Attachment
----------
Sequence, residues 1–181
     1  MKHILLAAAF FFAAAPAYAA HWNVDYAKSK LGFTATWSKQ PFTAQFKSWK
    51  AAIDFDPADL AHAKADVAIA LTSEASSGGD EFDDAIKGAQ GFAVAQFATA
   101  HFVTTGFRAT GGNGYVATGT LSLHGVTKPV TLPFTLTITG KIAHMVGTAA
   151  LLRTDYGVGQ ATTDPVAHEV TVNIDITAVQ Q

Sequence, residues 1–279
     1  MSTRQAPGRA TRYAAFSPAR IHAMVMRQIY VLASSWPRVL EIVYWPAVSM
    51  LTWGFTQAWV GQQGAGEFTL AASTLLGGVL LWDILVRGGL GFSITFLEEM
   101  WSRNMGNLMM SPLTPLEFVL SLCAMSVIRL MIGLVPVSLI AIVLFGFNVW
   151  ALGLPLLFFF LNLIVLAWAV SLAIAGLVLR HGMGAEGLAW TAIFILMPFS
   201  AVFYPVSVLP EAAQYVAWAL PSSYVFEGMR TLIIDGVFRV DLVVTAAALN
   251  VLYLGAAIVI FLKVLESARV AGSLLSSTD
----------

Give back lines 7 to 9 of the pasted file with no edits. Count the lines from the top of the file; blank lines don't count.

     1  MSTRQAPGRA TRYAAFSPAR IHAMVMRQIY VLASSWPRVL EIVYWPAVSM
    51  LTWGFTQAWV GQQGAGEFTL AASTLLGGVL LWDILVRGGL GFSITFLEEM
   101  WSRNMGNLMM SPLTPLEFVL SLCAMSVIRL MIGLVPVSLI AIVLFGFNVW